Ayanna Pressley

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Ayanna Pressley
Ayanna Pressley Portrait.jpg
Member of the U.S. House of Representatives
from Massachusetts's 7th district
Assumed office
January 3, 2019
Preceded byMike Capuano
Member of the Boston City Council
at-large
In office
January 4, 2010 – January 3, 2019
Preceded bySam Yoon
Succeeded byAlthea Garrison
Personal details
Born
Ayanna Soyini Pressley

(1974-02-03) February 3, 1974 (age 46)
Cincinnati, Ohio, U.S.
Political partyDemocratic
Spouse(s)
Conan Harris
(m. 2014)
Children1 stepdaughter
EducationBoston University (attended)
WebsiteHouse website

Ayanna Soyini Pressley (born February 3, 1974) is an American politician who has served as the U.S. Representative for Massachusetts's 7th congressional district since 2019. Her district includes the northern three quarters of Boston, most of Cambridge, and parts of Milton, as well as all of Chelsea, Everett, Randolph, and Somerville.[1]

A member of the Democratic Party, Pressley defeated the ten-term incumbent Mike Capuano in the primary election and ran unopposed in the general election. She had previously been elected as an at-large member of the Boston City Council in 2010. Pressley was the first black woman elected to the Boston City Council and the first black woman elected to Congress from Massachusetts.[2][3]

Early life and education[edit]

Pressley was born in Cincinnati, Ohio,[4] but raised in Chicago, Illinois, the only child of mother Sandra Pressley (née Echols),[5] who worked multiple jobs to support the family and also worked as a community organizer for the Chicago Urban League advocating for tenant's rights,[6] and father Martin Terrell, who struggled with addiction and was incarcerated throughout Pressley's childhood,[7] but eventually earned multiple degrees and taught at college level.[8] The marriage ended in divorce.[5]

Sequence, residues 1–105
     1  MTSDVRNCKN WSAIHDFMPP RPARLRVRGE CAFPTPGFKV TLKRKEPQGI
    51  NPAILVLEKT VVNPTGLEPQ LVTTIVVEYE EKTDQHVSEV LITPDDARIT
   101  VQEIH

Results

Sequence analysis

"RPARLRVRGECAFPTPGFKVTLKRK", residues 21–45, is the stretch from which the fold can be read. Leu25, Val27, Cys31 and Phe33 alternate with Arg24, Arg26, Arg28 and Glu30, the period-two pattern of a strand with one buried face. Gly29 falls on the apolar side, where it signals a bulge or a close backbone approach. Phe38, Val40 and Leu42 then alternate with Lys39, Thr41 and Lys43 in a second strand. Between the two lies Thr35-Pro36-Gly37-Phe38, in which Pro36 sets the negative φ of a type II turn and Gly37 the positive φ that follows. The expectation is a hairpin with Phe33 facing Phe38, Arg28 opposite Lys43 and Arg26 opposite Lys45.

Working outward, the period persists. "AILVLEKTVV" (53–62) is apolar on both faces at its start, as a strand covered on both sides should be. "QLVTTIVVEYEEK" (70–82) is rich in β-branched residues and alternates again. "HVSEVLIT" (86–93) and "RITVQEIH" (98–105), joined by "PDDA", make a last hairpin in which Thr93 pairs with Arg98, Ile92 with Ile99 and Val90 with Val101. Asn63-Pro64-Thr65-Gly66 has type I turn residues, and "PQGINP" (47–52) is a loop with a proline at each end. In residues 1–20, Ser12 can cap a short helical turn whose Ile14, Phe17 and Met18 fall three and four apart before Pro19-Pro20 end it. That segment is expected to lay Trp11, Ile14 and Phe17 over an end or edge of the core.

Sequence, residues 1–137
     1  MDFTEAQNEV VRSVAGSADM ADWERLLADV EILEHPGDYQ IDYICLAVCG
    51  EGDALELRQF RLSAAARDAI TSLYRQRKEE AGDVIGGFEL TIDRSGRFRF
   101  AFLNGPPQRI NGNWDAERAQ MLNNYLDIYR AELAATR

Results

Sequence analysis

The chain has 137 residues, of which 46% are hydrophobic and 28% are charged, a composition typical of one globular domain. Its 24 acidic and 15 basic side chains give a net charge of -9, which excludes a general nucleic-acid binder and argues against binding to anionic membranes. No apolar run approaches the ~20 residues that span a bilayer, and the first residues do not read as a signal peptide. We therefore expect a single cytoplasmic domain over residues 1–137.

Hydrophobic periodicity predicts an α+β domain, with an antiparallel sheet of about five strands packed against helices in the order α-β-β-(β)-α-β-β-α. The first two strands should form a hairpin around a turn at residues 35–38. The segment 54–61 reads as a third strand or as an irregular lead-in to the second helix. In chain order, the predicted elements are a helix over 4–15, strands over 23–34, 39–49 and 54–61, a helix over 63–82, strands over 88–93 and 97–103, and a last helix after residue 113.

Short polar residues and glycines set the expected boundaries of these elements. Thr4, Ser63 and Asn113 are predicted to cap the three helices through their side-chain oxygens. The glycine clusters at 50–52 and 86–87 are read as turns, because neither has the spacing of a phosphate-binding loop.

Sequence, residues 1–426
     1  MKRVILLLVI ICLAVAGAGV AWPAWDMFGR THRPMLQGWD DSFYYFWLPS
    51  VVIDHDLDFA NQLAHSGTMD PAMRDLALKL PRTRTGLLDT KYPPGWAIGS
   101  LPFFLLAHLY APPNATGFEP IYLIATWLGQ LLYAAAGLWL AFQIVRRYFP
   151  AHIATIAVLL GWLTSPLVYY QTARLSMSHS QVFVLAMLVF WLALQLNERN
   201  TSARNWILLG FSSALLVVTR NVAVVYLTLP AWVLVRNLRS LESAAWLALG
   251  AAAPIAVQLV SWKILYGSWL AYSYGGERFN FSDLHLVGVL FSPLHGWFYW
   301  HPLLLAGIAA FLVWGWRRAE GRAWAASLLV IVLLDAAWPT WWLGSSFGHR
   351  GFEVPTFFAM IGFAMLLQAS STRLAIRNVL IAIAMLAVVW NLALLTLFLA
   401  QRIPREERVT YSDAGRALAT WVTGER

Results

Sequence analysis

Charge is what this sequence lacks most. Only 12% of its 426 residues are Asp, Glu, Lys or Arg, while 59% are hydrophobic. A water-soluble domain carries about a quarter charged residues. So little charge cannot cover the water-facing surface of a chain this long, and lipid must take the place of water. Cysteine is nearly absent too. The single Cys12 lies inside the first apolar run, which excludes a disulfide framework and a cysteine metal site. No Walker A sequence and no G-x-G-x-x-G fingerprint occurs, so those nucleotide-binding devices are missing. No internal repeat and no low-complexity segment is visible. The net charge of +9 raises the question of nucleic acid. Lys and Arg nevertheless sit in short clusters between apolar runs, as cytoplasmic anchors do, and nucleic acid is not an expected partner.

Pressley grew up on the north side of Chicago[8] and attended the Francis W. Parker School.[9] While at the prestigious private school, she was a cheerleader, did modeling and voice-over work, appeared in Planned Parenthood bus advertisements, and was a competitive debater. During her senior year of high school, she was voted the "most likely to be mayor of Chicago" and was the commencement speaker for her class.[10]

Her mother later moved to Brooklyn, where she worked as an executive assistant and later remarried.[5] When Pressley was elected to the Boston City Council, her mother would often attend the public meetings, wearing a hat that said "Mama Pressley."[5]

From 1992 to 1994, Pressley attended the College of General Studies at Boston University, but she left school to take a full-time job at the Boston Marriott Copley Place to support her mother, who had lost her job. She took further courses at Boston University Metropolitan College, also known as MET.[6][10]

Earlier political career[edit]

After leaving Boston University, Pressley worked as a district representative for Representative Joseph P. Kennedy II (DMA), for whom she had interned during college.[6] The work included assisting constituents with Social Security claims and working with senior citizens, veterans, and people with disabilities. Pressley became Kennedy's scheduler, then worked as constituency director, before becoming the political director and senior aide for Senator Kerry.[8]

During 2009, Pressley served as United States Senator John Kerry's (D-Mass.) political director.

Boston City Council[edit]

Pressley was first elected to the Boston City Council in November 2009. Upon being sworn in on January 4, 2010, she was the first woman of color to serve in the 100-year history of the Boston City Council.[2][11] The only woman in a field of 15 candidates, Pressley earned one of four at-large spots on the city's 13-member council with nearly 42,000 votes.[2]